After three straight bland shows, “Saga” gives us a generally fine episode. It never really soars, but it starts to demonstrate the series’ potential. From Luanne’s hysterical crying jags to Hank’s vision of what Luanne likes in guys to Hank’s simple solution of how to make a woman happy, there’s a fair amount of fun material on display.

Footnote: “Saga” presents the series’ initial celebrity cameo, as Chuck Mangione makes his first of many appearances here.

Hank’s Got the Willies (first aired February 9, 1997): “Hank’s decision to teach Bobby how to play golf comes to a crashing halt when Bobby hits Hank’s idol, Willie Nelson, on the head with his golf club.”

And here’s our second celebrity cameo! Some shows tack on guests with no real purpose, but Nelson feels like a natural fit, as one can easily imagine that Hank would think highly of him. The show gets a little gimmicky at times, but Nelson does a nice job and adds to it. The episode’s not as solid as “Saga” but it offers some good moments, such as a silly but funny chat between Boomhauer and Bob Dylan. (Not the real Dylan, of course, though the actual Dennis Hopper shows up a little later.)

Disc Two:

Westie Side Story (first aired March 2, 1997): “Hank’s attempt to be neighborly with the new Laotian family next door is sorely tested after he’s convinced they served him barbecued hamburgers made of dog meat.”

Homer has Flanders, and Hank has Khan (Toby Huss). Like many King episodes, this one tries to impart a moral about tolerance and acceptance for other cultures, and that makes it a little heavy-handed at times. Nonetheless, Khan and family quickly emerge as amusing and interesting characters, and they give “Westie” enough spice to help it become a generally positive program.

Hank’s Unmentionable Problem (first aired February 23, 1997): “Hank’s on-going irregularity problem causes great concern for Peggy and, much to Hank’s embarrassment, everyone else in town.”

With “Problem”, it looks like Hill is starting to get into a groove. Like those before it, the show doesn’t seem terrific, but it also avoids the general flatness of some of DVD One’s programs. Happily, it keeps away from the figurative bathroom humor that could have marred it, and it favors the amusing humiliation suffered by Hank. It’s almost touching to see how he copes with his issue, but it’s also funny to watch the ever-private Hank deal with such public embarrassment.

Trivia: “Problem” subtly introduces Peggy’s interest in Boggle, a seed that will soon bear fruit.

Shins of the Father (first aired March 23, 1997): “Hank and Peggy disagree over whether Hank’s sexist father Cotton (Huss) can stay with them – especially after Bobby slaps his mother on her rear-end and tells her to get his dinner.”

We saw Cotton only in flashbacks during a few prior shows; “Shins” formally introduces him to the show. Arguably the least politically correct character ever to grace a good series, Cotton has always been one of my favorite personalities on Hill, and he starts off well here. How can you not love a character who declares Angie Dickinson’s birthday to be a holiday?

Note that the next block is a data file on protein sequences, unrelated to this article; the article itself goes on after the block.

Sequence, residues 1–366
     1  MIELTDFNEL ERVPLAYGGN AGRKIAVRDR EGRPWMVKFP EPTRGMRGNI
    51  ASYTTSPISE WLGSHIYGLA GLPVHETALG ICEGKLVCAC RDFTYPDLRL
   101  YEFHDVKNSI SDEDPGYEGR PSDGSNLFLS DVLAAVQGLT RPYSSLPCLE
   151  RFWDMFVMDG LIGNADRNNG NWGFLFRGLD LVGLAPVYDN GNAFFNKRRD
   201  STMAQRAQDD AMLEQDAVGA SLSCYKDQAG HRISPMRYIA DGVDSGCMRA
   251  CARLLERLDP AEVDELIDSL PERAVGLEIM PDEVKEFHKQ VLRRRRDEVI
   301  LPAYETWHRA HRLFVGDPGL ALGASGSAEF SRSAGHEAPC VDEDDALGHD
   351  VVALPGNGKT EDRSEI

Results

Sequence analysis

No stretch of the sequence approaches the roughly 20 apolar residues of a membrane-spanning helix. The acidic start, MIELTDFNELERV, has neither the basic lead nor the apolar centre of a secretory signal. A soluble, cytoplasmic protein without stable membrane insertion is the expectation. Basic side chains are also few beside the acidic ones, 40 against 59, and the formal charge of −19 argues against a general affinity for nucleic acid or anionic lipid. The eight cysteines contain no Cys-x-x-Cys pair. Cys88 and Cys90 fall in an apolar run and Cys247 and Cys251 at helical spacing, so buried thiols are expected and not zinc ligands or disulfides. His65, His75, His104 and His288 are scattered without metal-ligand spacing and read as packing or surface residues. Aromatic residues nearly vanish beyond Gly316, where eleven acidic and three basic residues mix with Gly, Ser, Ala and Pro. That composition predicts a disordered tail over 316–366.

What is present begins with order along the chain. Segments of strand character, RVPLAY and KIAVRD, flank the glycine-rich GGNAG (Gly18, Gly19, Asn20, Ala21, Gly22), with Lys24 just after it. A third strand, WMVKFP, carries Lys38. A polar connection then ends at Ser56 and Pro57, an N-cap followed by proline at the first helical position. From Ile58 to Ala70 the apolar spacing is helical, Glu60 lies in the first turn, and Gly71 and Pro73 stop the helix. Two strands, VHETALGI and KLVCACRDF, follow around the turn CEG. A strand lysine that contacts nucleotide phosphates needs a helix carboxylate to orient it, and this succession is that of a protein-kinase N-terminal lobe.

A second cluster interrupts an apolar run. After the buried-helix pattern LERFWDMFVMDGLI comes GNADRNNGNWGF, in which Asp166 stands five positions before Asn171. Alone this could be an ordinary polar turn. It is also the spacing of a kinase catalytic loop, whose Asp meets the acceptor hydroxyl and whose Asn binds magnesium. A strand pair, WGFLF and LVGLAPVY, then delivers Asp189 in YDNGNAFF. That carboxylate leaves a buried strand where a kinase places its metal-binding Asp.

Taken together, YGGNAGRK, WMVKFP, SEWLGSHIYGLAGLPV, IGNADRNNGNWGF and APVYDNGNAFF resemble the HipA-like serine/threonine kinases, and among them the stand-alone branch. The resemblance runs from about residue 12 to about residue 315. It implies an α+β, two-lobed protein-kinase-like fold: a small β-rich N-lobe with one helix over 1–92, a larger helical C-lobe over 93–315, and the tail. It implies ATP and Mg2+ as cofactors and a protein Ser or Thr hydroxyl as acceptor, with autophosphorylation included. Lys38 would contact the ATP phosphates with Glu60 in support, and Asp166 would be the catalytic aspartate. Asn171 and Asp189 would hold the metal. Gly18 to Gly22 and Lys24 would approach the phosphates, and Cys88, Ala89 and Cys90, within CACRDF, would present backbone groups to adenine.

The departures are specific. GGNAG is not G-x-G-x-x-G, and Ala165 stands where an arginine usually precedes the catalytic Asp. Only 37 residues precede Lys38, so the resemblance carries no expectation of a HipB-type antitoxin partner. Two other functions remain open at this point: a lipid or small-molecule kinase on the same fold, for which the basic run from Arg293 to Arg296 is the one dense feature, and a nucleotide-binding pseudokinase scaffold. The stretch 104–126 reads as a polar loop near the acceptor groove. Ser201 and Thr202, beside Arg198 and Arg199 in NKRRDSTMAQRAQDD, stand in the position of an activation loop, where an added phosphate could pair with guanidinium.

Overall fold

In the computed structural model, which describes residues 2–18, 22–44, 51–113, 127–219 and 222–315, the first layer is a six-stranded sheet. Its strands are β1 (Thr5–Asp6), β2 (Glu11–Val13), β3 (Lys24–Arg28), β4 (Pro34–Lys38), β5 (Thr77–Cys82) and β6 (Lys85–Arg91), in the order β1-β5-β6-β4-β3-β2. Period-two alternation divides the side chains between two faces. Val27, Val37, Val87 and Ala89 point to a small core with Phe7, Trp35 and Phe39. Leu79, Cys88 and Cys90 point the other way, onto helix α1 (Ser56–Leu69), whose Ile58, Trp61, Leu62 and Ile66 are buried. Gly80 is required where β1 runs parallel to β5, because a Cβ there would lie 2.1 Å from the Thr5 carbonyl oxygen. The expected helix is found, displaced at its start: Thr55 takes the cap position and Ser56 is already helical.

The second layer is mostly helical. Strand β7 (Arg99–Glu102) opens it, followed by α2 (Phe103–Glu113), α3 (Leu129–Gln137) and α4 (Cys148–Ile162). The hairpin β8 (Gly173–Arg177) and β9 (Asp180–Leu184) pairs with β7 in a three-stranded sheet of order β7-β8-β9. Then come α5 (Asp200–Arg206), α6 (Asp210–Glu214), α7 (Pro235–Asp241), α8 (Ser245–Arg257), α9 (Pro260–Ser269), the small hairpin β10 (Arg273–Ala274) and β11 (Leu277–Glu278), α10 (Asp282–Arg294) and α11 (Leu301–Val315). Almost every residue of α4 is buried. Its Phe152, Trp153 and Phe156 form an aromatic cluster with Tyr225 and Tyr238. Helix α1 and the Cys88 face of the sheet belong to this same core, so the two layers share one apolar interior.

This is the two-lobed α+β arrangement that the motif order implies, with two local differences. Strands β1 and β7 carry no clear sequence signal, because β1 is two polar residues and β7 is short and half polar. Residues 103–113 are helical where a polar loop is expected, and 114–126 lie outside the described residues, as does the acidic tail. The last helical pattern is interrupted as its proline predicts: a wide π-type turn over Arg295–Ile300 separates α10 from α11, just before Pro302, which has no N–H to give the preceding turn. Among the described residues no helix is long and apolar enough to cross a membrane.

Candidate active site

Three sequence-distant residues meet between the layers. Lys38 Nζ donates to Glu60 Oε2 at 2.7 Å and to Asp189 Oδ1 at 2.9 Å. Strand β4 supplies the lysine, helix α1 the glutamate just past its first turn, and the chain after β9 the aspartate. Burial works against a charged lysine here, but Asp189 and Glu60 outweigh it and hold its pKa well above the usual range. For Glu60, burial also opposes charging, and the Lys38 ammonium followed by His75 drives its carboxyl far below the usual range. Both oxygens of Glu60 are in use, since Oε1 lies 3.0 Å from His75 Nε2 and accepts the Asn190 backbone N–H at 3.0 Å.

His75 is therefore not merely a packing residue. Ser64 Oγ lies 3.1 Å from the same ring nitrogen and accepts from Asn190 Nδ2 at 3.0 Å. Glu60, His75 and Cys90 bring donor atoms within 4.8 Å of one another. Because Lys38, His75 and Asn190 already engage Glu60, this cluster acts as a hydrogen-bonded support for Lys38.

Peggy the Boggle Champ (first aired April 13, 1997): “Hank’s promise to coach Peggy and the Texas State Boggle Championship is jeopardized when his buddies try to lure him away to the Ninth Annual Dallas Mower Expo.”

Here’s where those Boggle seeds from “Problem” take root! A very good episode, “Boggle” works well from start to finish. All the elements related to the game and the expo are funny, and the subplot with Bobby and Luanne at home also offers quite a few laughs.

Disc Three:

Keeping Up With Our Joneses (first aired April 27, 1997): “Hank’s outrageous plan to make Bobby never want to smoke again results in the whole family becoming addicted to cigarettes.”

At times, “Joneses” becomes a little too much of an anti-smoking diatribe. However, it tosses in plenty of amusing moments to balance these, especially when the Hills are at each other’s throats when they try to quit. It’s also nice to see Luanne play a stronger role as she attempts to force them to kick the habit.

Plastic White Female (first aired May 11, 1997): “Peggy is horrified when she discovers Bobby playing Spin the Bottle with one of Luanne’s plastic beautician school heads.”

The first episode to really focus on Bobby, “Plastic” starts to let us know just how odd the boy is. However, it does this in a clever and fulfilling way; yeah, the situations broaden past those we’d likely see in real life, but it never becomes overly cartoony. “Plastic” is a pretty solid program.

The Company Man (first aired December 7, 1997): “Against his better judgment, Hank dresses as a ‘real Texan’ in order to persuade a ‘Yankee’ client to open a business account with Strickland Propane.”

Though Hank’s client Holloway sometimes seems too moronic to make sense as a powerful businessman, “Man” still provides a very entertaining show. We get some nice exposition about Hank’s career at Strickland and learn of his scheming foe Thatherton (Burt Reynolds). It also comes to its conclusion in a surprising way that gives us a happy ending, but not necessarily the predictable one.

Trivia notes: with both Reynolds and Stockard Channing on board, I think that “Man” offers the series’ first guest voices who don’t simply play themselves. In addition, “Company” was the only episode from the production of Season One that actually didn’t hit the air until well into Season Two. It was first broadcast seven months after the final other Season One show ran and didn’t appear until almost three months into Season Two!